Translating to “sea of music” in Hindi, Sangeet Saagar featured South Asian fusion a cappella groups that sang mashups of popular western and traditional South Asian music from college campuses across the nation.
Delta Sigma Iota Fraternity Inc., a South Asian-oriented organization, invited Samaa to help screen the contestants. Both N.C. State and UNC chapters of the fraternity collaborated to organize the event.
Because it gave its recommendations during the voting process, Samaa did not compete in Sangeet Saagar. Instead, the group performed at the end as an exhibition.
Of around 11 groups that submitted videos, six were selected to compete: Massachusetts Institute of Technology Ohms, Ohio State’s Dhadkan, Rutgers University’s RAAG, Case Western Reserve University’s Dhamakapella, Pennsylvania State’s Fanaa and the University of Virgina’s Ektaal.
Samaa musical director Savita Sivakumar, a senior economics and global studies double major, is inspired by the emerging enthusiasm for South Asian fusion a cappella.
“There’s a lot of South Asian fusion a cappella groups slowly growing, so it’s really nice seeing a competition so close to home — it makes it more worthwhile to see lots of people doing the same thing as you,” Sivakumar said.
Samaa executive director Karina Javalkar, a senior health policy and management and biology double major, was excited for the chance to see other national South Asian a cappella groups.
“It’s nice to know that there are other groups,” Javalkar said. “There’s not another one in North Carolina, so we’ve never met anyone else.”
Akshay Iyer, event leader and previous president of the N.C. State chapter of Delta Sigma Iota Fraternity Inc., is a senior electrical engineering major.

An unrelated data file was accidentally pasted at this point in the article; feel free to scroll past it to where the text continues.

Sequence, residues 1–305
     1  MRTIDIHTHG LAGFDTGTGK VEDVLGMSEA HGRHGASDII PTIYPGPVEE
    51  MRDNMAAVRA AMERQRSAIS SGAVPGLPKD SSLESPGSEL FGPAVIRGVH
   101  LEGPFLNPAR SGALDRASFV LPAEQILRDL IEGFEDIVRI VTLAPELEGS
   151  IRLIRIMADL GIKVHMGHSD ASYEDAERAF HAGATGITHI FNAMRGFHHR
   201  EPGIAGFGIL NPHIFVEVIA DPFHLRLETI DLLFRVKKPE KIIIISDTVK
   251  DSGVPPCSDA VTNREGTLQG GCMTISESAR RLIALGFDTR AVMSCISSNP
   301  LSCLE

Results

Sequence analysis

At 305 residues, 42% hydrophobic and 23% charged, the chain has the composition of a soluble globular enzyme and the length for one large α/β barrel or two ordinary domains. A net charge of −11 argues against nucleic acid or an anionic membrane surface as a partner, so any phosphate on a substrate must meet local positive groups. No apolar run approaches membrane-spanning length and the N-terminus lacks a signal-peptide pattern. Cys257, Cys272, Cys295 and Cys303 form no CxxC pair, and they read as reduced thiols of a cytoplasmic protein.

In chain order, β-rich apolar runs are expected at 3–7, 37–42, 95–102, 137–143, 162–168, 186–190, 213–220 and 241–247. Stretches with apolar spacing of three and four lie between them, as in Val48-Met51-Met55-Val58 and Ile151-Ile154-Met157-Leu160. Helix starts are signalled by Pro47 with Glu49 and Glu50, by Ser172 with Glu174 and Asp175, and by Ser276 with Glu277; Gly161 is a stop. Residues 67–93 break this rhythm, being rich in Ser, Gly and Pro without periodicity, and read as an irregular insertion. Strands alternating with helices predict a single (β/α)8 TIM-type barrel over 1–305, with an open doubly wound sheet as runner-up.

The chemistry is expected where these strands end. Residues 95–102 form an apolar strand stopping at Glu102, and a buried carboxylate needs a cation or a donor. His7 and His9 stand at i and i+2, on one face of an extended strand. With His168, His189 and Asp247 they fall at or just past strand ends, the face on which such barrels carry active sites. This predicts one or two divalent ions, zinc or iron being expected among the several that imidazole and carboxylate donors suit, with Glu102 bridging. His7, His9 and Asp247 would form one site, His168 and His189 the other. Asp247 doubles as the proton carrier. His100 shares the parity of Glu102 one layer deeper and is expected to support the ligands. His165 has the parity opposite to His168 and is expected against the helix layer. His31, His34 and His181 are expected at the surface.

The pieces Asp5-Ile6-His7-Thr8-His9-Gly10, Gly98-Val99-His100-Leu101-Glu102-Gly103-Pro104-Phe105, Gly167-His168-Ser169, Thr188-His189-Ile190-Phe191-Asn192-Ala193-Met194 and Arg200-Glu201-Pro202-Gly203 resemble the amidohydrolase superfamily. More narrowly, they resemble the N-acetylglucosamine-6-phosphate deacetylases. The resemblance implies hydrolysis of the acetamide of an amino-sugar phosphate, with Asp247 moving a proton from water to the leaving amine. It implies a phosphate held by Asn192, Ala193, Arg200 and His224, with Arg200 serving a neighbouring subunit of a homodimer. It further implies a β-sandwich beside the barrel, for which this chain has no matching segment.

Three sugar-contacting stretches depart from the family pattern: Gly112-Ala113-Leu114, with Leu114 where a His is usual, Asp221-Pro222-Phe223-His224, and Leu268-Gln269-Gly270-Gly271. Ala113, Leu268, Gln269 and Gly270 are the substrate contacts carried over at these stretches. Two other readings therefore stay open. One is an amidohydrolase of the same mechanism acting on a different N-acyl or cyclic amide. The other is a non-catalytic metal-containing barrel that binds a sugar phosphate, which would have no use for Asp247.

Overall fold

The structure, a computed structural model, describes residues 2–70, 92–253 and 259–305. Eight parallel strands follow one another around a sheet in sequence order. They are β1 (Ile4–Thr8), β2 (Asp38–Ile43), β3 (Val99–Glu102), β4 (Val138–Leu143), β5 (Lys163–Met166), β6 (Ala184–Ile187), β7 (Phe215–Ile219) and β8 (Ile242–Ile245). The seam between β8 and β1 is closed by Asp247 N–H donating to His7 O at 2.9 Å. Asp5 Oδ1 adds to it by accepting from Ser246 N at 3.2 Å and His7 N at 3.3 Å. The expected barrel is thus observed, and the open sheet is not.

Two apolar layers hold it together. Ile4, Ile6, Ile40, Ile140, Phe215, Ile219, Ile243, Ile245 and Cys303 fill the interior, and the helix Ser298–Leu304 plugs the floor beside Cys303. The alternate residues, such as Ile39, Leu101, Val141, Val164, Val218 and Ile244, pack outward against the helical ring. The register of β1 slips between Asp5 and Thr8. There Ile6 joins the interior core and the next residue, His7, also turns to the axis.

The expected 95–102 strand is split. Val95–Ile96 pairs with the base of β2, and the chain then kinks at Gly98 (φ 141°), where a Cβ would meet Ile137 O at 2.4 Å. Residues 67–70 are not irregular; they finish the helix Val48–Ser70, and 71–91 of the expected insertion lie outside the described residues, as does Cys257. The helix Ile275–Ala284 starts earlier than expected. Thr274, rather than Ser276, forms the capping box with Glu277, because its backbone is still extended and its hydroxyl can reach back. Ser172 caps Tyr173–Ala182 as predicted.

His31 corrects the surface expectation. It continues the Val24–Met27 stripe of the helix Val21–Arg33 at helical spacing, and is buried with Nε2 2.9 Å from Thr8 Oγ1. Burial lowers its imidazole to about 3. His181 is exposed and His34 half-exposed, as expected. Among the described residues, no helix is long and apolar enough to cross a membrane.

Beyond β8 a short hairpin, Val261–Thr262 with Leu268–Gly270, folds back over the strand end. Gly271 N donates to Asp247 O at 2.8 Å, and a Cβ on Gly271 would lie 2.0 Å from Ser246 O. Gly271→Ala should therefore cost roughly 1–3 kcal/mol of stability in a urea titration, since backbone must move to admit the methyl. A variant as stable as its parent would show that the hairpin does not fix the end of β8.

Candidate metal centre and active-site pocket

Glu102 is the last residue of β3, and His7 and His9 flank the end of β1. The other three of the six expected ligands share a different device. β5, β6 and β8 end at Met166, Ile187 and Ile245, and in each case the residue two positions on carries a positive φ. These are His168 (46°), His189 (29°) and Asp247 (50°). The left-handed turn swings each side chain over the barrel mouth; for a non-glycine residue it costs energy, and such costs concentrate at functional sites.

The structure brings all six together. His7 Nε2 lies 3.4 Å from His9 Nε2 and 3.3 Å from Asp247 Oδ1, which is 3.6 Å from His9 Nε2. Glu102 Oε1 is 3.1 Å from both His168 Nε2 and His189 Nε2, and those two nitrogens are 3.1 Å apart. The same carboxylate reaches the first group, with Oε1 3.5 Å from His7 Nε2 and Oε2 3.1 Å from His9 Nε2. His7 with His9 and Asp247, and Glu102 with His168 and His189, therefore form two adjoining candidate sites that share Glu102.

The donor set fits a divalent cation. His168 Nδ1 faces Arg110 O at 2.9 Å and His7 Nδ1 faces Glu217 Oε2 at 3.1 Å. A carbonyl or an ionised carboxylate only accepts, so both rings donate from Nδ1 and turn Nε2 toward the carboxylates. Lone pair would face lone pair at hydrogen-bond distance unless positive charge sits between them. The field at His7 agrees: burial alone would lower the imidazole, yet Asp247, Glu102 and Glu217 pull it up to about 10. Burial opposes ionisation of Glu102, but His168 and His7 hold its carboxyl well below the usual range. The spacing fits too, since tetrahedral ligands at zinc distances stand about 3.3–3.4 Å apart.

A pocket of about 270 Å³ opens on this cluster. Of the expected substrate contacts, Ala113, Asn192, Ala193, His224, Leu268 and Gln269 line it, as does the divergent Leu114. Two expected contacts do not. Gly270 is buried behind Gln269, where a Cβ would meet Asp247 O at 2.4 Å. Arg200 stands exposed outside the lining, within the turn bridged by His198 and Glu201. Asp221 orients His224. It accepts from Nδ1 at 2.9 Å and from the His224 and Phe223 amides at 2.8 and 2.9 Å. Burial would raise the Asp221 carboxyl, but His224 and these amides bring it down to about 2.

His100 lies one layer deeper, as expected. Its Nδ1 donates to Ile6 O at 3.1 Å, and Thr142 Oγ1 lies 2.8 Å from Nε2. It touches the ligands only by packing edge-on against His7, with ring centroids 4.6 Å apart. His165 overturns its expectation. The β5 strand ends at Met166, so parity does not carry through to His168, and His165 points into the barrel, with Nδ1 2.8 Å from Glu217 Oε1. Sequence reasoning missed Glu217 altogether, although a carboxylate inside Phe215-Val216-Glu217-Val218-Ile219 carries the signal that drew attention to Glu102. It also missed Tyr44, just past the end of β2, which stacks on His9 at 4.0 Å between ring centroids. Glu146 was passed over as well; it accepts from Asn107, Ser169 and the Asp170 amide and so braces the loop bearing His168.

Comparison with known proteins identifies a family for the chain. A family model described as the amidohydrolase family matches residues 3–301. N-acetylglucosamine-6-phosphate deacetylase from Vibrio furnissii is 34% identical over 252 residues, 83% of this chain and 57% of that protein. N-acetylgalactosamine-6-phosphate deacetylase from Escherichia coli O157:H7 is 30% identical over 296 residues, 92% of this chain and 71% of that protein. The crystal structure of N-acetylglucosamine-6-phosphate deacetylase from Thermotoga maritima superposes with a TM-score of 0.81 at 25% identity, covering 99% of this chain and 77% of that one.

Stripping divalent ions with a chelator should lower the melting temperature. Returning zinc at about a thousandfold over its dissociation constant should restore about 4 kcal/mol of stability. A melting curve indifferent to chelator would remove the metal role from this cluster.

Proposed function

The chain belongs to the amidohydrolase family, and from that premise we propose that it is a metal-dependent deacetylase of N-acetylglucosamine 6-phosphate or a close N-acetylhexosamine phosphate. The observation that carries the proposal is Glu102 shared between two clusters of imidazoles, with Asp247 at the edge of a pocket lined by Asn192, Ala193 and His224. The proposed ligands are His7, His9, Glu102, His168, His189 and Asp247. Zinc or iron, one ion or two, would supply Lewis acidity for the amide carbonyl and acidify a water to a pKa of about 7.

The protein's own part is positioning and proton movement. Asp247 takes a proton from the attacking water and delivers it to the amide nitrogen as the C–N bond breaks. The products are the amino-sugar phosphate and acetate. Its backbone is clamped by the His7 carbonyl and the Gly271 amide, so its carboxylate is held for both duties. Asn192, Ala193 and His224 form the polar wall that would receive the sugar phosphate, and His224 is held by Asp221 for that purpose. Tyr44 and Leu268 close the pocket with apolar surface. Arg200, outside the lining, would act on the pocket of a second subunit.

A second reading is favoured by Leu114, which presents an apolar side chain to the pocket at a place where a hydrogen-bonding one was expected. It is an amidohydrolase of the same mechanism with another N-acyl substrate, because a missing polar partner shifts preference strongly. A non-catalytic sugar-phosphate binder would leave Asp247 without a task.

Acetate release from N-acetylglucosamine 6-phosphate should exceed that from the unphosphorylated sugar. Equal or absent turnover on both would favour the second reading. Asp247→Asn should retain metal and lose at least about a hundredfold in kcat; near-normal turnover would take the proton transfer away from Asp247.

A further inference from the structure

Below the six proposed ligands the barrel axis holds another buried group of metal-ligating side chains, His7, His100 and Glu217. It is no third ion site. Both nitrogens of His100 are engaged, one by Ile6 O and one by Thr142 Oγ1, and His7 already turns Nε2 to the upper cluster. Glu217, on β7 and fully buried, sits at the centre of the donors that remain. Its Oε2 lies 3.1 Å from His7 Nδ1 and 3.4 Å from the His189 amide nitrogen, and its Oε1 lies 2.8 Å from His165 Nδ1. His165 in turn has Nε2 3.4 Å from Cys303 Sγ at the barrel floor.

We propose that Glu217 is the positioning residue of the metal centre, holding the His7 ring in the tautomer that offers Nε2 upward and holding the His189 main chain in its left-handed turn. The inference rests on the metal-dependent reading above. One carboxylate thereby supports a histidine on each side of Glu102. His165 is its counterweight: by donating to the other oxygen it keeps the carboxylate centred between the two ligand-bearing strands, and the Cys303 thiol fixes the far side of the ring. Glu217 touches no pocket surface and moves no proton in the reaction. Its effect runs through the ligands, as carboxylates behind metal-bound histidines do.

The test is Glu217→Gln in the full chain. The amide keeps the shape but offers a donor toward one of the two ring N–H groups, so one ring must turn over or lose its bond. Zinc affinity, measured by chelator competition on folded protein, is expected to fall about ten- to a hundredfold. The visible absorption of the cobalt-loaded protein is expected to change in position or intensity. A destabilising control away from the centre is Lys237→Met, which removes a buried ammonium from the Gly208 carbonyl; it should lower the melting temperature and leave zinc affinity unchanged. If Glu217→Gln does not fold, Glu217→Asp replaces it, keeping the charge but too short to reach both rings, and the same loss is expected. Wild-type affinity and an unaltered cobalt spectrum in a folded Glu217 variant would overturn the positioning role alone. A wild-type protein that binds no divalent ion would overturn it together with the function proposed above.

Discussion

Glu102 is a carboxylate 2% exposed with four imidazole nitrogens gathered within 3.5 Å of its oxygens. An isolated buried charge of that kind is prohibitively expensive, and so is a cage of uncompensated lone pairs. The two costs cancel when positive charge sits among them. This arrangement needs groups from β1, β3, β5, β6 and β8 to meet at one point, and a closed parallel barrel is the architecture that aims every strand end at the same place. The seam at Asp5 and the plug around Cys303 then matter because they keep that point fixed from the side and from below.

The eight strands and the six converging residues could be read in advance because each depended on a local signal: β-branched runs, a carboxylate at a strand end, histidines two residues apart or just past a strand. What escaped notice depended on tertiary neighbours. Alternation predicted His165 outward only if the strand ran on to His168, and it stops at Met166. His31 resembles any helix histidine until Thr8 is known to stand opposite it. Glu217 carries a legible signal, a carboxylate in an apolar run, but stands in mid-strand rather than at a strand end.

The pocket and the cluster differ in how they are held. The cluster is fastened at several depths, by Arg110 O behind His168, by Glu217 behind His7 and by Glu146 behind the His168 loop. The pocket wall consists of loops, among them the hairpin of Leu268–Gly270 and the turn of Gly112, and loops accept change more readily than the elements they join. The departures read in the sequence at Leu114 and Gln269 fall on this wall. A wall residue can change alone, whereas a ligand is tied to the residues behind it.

“We felt that there was a great market for this sort of event because there are a lot of dance competitions, and people tend not to focus on vocal competitions at the collegiate level,” Iyer said.
The proceeds from the event will go toward Drive Education and the Ekal Vidyalaya Foundation. Both organizations support children’s education in both the U.S. and rural parts of India.
“This is kind of really important to us — important to both Beta and Gamma chapters — because we’re just trying to not only raise money for these great nonprofit organizations but to promote ourselves by saying we’re an organization that really cares about education,” said Tim Thomas, service co-chairman of UNC’s chapter of Delta Sigma Iota Fraternity Inc.
The MIT Ohms won first place at the competition, and Case Western’s Dhamakapella came in second.
Because Sangeet Saagar was a success, both the Beta and Gamma chapters of Delta Sigma Iota Fraternity Inc. are trying to make it a recurring event at alternating campuses.
“It’s also a great way for both of our communities to come together to show their support for children’s education,” Thomas said.